Designing memorable brand logos is not a straightforward task. The designer needs to understand the product more than logo design techniques. The designer is supposed to symbolize the product and not show-off his designing skills.
Today we look at the famous brand logos that have been successful over the period of time and try to scrutinize their success secrets.
I’m trying to learn effective brand logo designing myself, so I thought why not learn together? Let’s begin!
Method in the Madness
In recent times, Paul Rand is probably the best logo designer to have emerged on the scene. Here are some of his logos.
If you notice, Paul Rand always tried to design with a concept and theme instead of ‘design for the sake of design’. In his own words:
A logo is less important than the product it signifies; what it means is more important than what it looks like.
Mr. Rand basically decoded the formula creating logos. Today’s most recognizable logos have a hidden meaning. They always have a hidden meaning. Here are some examples.
In the famous apple logo, there’s one bite taken off from the fruit. Can you guess who took that bite? Yes, you are right. This refers to the biblical story of Adam and Eve and the “Tree of knowledge”.
Ever wondered why BMW uses such a unique logo? Well, this logo does not depict automobile! BMW used to manufacture engines for German military in WW-II and the logo actually shows a plane propeller in motion. Blue color represents the sky.
Such a simple logo it is, but the arrow points from a-to-z. This represents the wide range of products available at Amazon.com. Apart from that, the arrow also adds a smile-like effect 🙂
The three-cornered star of Mercedes represents land, sky and sea; meaning that Mercedes motors dominate over all of these elements.
This logo is designed by Paul Rand. He believed that the strait white lines create an ‘equal’ sign all around the typographic logo. The message encapsulated in the logo is “equality”.
FedEx’s logo seems very straightforward but if you look closely, you’ll find that there’s an arrow hidden in the lower part where E meets X. The arrow is pointing towards right that gives the illusion of movement and speed.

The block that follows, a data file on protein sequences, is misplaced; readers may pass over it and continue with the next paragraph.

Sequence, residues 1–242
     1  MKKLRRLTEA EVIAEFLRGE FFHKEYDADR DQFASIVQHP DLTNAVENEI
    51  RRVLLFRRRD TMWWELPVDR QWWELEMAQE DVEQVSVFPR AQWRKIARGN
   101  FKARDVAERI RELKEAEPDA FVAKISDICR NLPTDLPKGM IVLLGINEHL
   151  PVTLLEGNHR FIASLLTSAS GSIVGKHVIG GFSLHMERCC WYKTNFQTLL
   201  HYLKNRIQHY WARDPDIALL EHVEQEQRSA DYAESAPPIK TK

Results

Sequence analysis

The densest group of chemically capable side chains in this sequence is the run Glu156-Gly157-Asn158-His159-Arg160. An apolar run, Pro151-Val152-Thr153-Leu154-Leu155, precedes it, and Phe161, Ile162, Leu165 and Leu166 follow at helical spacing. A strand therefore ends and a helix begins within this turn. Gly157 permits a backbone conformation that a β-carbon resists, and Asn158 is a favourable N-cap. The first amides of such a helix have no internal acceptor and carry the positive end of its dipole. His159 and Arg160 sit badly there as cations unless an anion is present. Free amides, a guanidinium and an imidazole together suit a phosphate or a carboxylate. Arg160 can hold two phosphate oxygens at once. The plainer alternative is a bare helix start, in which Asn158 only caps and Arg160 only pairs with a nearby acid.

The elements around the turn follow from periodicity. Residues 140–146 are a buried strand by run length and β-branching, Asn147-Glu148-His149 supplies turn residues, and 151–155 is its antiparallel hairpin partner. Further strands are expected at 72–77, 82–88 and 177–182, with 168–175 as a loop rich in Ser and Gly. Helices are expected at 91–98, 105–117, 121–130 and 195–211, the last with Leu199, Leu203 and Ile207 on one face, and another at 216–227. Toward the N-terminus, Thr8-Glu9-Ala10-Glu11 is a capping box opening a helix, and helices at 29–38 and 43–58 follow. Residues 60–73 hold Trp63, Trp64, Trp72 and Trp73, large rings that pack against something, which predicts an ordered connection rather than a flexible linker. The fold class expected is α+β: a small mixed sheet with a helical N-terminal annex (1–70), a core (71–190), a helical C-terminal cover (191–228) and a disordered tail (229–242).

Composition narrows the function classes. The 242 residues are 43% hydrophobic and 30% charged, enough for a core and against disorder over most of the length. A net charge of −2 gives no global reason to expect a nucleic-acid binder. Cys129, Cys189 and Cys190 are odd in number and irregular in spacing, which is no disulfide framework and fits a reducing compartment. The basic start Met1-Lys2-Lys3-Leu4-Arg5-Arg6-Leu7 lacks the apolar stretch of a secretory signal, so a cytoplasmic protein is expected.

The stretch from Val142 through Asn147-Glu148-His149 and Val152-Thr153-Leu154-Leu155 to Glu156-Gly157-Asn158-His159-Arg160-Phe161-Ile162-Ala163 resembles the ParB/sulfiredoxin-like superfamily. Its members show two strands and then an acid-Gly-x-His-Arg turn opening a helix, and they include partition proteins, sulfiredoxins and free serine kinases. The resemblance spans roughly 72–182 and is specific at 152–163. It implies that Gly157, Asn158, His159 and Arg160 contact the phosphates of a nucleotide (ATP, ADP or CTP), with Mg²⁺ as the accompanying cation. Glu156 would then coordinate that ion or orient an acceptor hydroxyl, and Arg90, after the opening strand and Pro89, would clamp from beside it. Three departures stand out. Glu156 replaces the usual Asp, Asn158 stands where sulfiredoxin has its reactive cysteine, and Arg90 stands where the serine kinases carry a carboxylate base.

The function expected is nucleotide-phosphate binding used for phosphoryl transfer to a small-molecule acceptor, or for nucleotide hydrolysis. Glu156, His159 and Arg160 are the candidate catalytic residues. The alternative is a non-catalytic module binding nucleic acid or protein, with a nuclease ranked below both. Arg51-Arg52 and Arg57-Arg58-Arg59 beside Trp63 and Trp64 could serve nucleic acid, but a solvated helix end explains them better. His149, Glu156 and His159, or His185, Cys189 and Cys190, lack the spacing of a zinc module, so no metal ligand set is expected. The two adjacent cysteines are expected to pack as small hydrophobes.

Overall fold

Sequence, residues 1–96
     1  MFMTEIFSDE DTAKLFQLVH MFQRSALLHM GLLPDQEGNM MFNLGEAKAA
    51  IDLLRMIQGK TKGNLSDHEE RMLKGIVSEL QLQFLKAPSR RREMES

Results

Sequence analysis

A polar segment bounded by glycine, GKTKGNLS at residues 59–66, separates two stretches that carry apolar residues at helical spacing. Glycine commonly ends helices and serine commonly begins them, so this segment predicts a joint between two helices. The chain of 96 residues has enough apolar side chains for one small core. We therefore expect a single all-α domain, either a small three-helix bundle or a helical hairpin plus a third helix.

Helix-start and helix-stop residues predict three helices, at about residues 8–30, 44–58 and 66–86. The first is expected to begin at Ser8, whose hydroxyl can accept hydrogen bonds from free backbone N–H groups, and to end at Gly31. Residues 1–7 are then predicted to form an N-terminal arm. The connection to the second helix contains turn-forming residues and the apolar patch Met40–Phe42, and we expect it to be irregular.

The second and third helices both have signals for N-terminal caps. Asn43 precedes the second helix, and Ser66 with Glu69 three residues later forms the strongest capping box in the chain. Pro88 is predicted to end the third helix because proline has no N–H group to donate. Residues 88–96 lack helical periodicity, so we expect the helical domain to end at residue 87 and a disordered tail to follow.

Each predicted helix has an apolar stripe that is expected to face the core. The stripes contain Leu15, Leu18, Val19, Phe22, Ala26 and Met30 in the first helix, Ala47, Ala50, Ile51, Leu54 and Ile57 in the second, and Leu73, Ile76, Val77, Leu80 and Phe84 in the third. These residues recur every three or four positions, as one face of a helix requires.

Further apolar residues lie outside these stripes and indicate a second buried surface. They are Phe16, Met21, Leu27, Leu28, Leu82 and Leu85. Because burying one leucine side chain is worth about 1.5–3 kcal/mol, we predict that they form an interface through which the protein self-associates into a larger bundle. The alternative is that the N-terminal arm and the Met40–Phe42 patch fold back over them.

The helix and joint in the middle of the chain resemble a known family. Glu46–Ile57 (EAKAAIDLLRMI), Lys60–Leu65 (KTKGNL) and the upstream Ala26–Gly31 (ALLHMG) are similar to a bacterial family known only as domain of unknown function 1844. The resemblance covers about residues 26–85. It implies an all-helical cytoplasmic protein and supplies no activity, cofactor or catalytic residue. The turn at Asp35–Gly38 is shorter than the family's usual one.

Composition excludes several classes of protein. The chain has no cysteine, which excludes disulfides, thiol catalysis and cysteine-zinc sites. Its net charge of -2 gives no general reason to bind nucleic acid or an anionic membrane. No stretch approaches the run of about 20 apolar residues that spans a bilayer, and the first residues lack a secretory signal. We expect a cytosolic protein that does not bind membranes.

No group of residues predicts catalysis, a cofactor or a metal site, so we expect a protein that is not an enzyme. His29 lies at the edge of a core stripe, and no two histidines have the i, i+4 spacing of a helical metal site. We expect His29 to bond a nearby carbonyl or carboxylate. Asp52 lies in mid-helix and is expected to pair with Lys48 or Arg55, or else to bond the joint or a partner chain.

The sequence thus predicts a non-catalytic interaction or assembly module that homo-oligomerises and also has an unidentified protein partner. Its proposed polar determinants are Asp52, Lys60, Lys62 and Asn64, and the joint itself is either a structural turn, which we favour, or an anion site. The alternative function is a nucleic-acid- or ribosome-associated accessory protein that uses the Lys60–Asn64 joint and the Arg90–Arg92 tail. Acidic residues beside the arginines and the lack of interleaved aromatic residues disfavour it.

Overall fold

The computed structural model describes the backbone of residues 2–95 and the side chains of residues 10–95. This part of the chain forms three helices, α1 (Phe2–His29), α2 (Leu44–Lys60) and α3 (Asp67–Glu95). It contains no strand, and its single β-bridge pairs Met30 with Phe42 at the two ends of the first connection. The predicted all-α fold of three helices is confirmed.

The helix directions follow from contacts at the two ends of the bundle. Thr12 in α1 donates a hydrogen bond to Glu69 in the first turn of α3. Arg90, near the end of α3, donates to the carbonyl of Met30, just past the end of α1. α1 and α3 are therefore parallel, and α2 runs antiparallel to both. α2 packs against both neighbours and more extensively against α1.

FedEx designer pulled off a near-miracle when they went into Arabic, Persian and Urdu world. All these languages are written right-to-left and mostly they have the same ligature. If you know any of the language, you’d realize how difficult it was to fit that arrow in this language again, but the designer did it beautifully.
Famous Brand Logos and their Timeline
Complex Magazine recently published a list of iconic logos. Here I’m sharing top ten of those iconic brand logos.
The Apple logo, the might among brand logos was designed by none other than Steve Jobs and his colleagues. This glossy Apple is the dream device of every geek. Probably this is the best example of creative logo design.
AT&T started as Bell Telephone Company in 1877. You can see the shifting of time in their logos. The change of trends, from compressed black and white to simple and colorful.
We learn that characters are much better than typography. Text is only good if you are working in a limited market. When you go global, you better create a symbolic language. Today, with this new logo intact, three barbie dolls are sold every second.
Do you know the full form of BMW? Well, here it goes: Bayerische Motoren Werke GmbH (Bavarian Motor Works).
Canon has one of the oldest logos in the IT market. The name Kannon is actually the Buddhist goddess of mercy. The original name was Kwannon but after suffering from the nukes, when this Japanese tech house re-established themselves, they renamed it to Canon. Since then, we are seeing this logo. Usually brand logos don’t last 60 years, especially in the tech industry but this one has.
You can see the trend that simplicity is winning these days. The more simple your logo is, the more memorable it becomes.
IBM started as Computing-Tabulating-Recording Company but later it was renamed to International Business Machines. The first logos contain the letters CTR and from 1924 onwards, IBM.
In 1967, Master Card was called Master Charge… but the audience did not really embraced the word “charge” so they reverted back to Master Card.
The iconic three-cornered star wasn’t included in the logo until 14 years after the company’s foundation.
The WB shield has been a part of the logo since the very beginning. There aren’t many examples of brand logos where the main design was a part of the very first logo.
So, what I have learned from this post is that these days, I need to focus more on simplicity than design. I don’t have to make the design look good but rather make the product look good through the logo.
I have learned that simplicity is winning compression and complexity. Brand logos don’t like either of the latter.I have learned that if I want to go into global market, I better not use the text but rather a symbol or character.
This was what I have learned from researching and writing this article about brand logo designing. What have you learned? Do share your opinion with me in the comments.